This week the Chilean Minister of Economy José Ramón Valente visited the Spence mine to officially inaugurate the recently announced expansion, which will create more than 3,000 jobs during construction. The nearly $2.5 billion initiative, which was supported by the Chilean Ministry of Economy’s Office of Sustainable Projects (known as GPS) will support 220 jobs when it is in operation. “This is in line with the government’s goal of reactivating investment to boost the country’s economy,” Ramón said. “We are promoting investment projects that will generate more employment in the country.”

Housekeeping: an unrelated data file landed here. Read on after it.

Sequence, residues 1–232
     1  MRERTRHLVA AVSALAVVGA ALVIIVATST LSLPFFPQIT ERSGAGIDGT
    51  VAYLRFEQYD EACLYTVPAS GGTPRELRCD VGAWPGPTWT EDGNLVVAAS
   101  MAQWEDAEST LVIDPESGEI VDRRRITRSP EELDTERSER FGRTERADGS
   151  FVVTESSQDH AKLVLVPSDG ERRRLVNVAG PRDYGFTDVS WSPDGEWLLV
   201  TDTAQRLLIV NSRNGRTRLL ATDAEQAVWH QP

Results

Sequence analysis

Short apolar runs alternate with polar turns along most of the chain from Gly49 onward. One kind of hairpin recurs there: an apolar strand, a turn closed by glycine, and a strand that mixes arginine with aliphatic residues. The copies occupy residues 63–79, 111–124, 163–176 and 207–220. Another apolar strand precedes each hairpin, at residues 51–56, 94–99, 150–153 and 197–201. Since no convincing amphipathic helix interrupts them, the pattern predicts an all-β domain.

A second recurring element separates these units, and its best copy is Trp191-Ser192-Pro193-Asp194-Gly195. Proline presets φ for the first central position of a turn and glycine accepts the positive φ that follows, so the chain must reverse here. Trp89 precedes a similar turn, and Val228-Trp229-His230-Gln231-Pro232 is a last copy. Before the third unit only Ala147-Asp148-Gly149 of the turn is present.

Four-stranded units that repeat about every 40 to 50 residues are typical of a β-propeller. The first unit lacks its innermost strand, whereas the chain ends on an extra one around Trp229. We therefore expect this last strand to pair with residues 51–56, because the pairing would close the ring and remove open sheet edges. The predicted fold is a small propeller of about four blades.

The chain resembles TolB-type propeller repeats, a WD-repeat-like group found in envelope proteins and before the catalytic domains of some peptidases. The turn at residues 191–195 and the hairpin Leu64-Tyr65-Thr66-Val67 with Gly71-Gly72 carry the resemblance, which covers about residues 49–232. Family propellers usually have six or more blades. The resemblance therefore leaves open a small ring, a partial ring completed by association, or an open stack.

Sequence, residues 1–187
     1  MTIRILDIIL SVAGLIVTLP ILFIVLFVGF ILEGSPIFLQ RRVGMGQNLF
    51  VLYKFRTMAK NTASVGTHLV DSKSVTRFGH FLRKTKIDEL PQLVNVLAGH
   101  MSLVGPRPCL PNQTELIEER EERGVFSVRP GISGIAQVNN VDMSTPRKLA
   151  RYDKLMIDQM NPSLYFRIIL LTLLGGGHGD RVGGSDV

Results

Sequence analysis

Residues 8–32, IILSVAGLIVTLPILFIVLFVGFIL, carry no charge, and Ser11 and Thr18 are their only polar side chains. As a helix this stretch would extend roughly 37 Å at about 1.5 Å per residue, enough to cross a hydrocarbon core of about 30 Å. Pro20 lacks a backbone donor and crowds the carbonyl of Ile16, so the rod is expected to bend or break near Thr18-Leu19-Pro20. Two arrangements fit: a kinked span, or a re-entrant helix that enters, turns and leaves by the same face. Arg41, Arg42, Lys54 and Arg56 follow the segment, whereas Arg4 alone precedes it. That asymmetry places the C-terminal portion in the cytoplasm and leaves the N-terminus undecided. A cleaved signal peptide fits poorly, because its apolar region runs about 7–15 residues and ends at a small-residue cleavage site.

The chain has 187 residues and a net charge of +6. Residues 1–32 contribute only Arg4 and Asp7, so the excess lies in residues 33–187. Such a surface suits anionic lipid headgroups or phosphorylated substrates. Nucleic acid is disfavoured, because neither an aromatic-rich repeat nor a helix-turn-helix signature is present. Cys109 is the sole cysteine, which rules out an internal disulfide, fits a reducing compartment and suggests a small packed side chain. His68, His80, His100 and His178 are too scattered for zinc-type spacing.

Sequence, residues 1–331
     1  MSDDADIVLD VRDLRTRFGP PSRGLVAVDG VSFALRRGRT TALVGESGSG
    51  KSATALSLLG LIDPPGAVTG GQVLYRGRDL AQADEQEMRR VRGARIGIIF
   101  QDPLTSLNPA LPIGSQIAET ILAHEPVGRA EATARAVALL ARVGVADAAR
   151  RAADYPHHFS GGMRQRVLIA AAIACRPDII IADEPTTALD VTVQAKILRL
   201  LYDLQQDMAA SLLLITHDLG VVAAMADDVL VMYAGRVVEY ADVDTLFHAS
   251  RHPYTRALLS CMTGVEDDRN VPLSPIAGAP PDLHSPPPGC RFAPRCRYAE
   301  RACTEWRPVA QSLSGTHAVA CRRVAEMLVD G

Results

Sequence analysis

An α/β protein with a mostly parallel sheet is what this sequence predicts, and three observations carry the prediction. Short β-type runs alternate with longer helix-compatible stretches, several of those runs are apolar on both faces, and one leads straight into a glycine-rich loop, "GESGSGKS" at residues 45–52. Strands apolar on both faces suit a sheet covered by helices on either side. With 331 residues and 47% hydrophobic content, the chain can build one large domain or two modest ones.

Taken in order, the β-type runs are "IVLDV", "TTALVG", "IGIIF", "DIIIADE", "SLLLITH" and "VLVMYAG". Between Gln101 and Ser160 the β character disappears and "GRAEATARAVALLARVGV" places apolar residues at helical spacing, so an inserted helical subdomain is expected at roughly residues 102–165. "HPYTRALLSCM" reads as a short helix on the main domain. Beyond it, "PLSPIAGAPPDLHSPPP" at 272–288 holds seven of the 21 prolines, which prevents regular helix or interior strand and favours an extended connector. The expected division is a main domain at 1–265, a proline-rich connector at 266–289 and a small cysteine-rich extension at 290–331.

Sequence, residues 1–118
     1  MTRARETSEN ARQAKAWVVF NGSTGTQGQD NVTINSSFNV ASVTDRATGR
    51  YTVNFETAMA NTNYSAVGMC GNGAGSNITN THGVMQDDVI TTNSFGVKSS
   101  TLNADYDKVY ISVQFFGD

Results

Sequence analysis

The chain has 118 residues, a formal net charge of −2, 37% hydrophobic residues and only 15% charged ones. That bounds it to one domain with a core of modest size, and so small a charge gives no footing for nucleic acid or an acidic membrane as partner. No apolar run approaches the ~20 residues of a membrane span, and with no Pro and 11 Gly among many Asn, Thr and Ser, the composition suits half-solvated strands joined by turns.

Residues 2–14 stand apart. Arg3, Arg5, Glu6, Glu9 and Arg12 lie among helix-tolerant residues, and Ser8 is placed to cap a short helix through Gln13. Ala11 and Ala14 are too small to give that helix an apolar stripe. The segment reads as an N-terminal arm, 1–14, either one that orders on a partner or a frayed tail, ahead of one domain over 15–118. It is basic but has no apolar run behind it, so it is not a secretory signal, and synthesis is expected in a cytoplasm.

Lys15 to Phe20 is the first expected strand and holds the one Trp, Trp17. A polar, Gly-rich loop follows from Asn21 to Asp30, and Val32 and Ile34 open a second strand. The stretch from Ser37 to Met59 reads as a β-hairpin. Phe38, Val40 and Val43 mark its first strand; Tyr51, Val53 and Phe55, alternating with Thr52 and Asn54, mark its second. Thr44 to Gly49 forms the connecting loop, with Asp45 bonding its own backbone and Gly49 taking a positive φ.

Additionally, the expansion of Minera Spence contemplates a $570 million desalination plant that also has the support of GPS. The expansion will extend the operation of the mine for 50 years, through the processing of the primary sulfide reserves from the current mining plan. This will be done through conventional flotation to produce copper concentrate and molybdenum with the plant processing a rate of around 95,000 metric tons per day.
Currently, the GPS is working with BHP Billiton, which owns Spence, on the environmental impact study for the Cerro Colorado project and the Monturaqui project, which is intended to supply water to Minera Escondida, as well as the authorization for new ongoing exploration activities.